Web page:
2. Arlene Leis, “Sarah Sophia Banks: Collecting ephemera in late Georgian England,” http://ephemeraresources.blogspot.com/2014/06/sarah-sophia-banks-collecting-ephemera.html↩
3. John Gascoigne, Joseph Banks and the English Enlightenment: Useful Knowledge and Polite Culture. Cambridge UP, 1994, p.25.↩
4. Sarah Sophia's scrapbook stands out against her brother’s state of remaining relatively unpublished. Anna Agnarsdóttir argues that Joseph Banks was in fact more published than we often perceive him to be, noting sixty publications, the papers he leant to others and possibly published via others. While Joseph Banks published in practical and not scientific journals, a practice which speaks to his role as a public figure and the dissemination of knowledge in such a way that blurred the public vs. scientific or private, theoretical was of knowing (Hannah Wills), Sarah Sophia engaged in a form of publication entirely built from the published works of others, revealing a unique perspective on the perception of curiosity and scientific spectacle within the popular imagination. Sunne Juterczenka notes that, for Joseph, the "public" meant his wealthy peers; for Sarah Sophia, however, though her audience may have been similar to that of her brother, her interest in the public clearly moves beyond his elite circle in subject matter. We see this with the subject matter of her collections, particularly her scrapbook on ballooning and "other curiosities." Gascoigne claims that even though Joseph Banks didn't publish his Endeavour journal during his lifetime, the collection in his home proved a tangible material space for critical inquiry into scientific discovery (9). This statement not only speaks to the importance of materiality in understanding science in the period as providing a space for both inquiry and sociability, but it also gestures toward the space of his home, curated by his sister, as a space of material connection between the domestic and the masculine quest for discovery.↩
5. Sarah Sophia's collecting strategies are discussed at length by Arlene Leis, in "Cutting, Arranging, and Pasting: Sarah Sophia Banks as Collector," Early Modern Women 9.1 (2014), 127-140; as well as in her works mentioned above.↩
6. Fara, Patricia, Pandora's Breeches: Women, Science and Power in the Enlightenment, Random House, 2004, p. 15.↩
7. Fara, Patricia, Pandora's Breeches: Women, Science and Power in the Enlightenment, Random House, 2004, p. 15.↩
8. Leis, Arlene, "Cutting, Arranging, and Pasting," 128, 129; see also Susan Pearce On Collecting: An Investigation into Collecting in the European Tradition, London: Routledge, 1995: to understand collections like that of Sarah Sophia Banks is to understand social life as a whole (3).↩
9. Smith, John Thomas, A Book for a Rainy Day, or, Recollections of the Events of the Years 1766-1833, Ed. Wilfred Whitten, Methuen &Co., 1905, The Project Gutenberg Ebook, p. 229.↩
10. Smith, John Thomas, A Book for a Rainy Day, or, Recollections of the Events of the Years 1766-1833, p. 229.↩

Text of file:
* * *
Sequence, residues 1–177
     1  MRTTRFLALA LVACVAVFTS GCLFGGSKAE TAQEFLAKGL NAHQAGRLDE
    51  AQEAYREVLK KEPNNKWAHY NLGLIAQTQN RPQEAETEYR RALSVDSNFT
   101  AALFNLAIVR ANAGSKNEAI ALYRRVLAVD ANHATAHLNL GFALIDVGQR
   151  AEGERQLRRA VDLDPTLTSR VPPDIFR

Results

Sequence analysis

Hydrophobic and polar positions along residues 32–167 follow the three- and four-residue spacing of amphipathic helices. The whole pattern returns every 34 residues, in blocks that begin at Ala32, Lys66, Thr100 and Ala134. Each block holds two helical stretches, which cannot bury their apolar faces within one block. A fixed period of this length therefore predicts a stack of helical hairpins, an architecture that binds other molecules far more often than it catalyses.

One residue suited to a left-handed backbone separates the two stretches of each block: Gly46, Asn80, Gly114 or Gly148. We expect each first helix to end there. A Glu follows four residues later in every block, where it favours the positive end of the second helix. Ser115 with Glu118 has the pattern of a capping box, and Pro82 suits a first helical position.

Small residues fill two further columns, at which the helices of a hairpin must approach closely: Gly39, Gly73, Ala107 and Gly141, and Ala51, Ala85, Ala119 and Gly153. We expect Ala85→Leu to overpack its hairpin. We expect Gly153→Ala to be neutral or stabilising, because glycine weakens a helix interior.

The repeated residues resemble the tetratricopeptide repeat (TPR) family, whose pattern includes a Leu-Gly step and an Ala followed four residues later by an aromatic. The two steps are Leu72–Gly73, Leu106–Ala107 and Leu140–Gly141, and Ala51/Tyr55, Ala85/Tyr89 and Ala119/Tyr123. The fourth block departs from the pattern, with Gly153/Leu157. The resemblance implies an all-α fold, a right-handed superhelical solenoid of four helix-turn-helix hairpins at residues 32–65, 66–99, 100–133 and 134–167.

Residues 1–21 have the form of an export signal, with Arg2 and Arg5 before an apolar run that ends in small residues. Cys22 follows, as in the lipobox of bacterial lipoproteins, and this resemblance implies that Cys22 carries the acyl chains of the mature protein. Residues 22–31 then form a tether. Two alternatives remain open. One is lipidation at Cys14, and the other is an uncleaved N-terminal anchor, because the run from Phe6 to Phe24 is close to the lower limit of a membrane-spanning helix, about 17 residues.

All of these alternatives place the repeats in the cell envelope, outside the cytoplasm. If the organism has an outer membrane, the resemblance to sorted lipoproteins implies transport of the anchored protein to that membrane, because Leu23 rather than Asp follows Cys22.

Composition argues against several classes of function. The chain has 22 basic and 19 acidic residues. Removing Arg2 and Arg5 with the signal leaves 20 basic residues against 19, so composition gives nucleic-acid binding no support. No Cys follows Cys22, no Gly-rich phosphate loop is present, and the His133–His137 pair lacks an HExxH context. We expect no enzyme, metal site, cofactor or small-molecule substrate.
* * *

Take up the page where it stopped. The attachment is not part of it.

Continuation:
11. Smith, John Thomas, A Book for a Rainy Day, or, Recollections of the Events of the Years 1766-1833, p. 231.↩
12. Smith, John Thomas, A Book for a Rainy Day, or, Recollections of the Events of the Years 1766-1833, p. 231.↩
13. BL LR.301.h3↩
14. Sloan, Kim, 'Aimed at Universality and Belonging to the Nation: The Enlightenment and the British Museum,' in Enlightenment: Discovering the World in the Eighteenth Century, Ed. Kim Sloan, Washington D.C.: Smithsonian Books, 2003, see notes.↩
15. Sloan, Kim, 'Aimed at Universality and Belonging to the Nation: The Enlightenment and the British Museum,' in Enlightenment: Discovering the World in the Eighteenth Century, Ed. Kim Sloan, Washington D.C.: Smithsonian Books, 2003, p.12.↩
17. Chambers, Neil, Joseph Banks and the British Museum, p.117.↩
18. Chambers, Neil, Joseph Banks and the British Museum, p.117.↩
19. Leis, Arlene, "Cutting, Arranging, and Pasting," p. 134.↩
Fig1. Sarah Sophia Banks portrait by Angelica Kauffmann. Public domain.
Fig2. Miss Banks in "An old Maid on a Journey" by James Gillray. Notes: (Description and comment from M.Dorothy George, 'Catalogue of Political and Personal Satires in the British Museum', VIII, 1947) The old maid (savagely treated in caricature, cf. (e.g.) BMSat 9619) is said to be Miss Banks, whose collection of prints, &c, was given to the British Museum by her brother, Sir Joseph. If so she wears one of her three riding habits, which she called 'hitem, titem, and scrub'. Grego, 'Gillray', p. 313. Wright and Evans, No. 530. Reprinted, 'G.W.G.', 1830. CC BY-NC-SA 4.0 Trustees of the British Museum
Fig3. Scrapbook page from BL L.R.301. h.3. "A Collection of broadsides, cuttings from newspapers, engravings, etc., of various dates, formed by Miss Sarah Sophia Banks. Volume 3: Balloons, sights, exhibitions, remarkable characters: Katterfelto the Monster," Victorian Popular Culture, Adam Matthew Digital (electronic resource). CC BY-NC-SA 4.0 The British Library
This project was developed by Dr. Kacie Wills and Erica Y. Hayes. Contact Us if you would like to learn more about this project.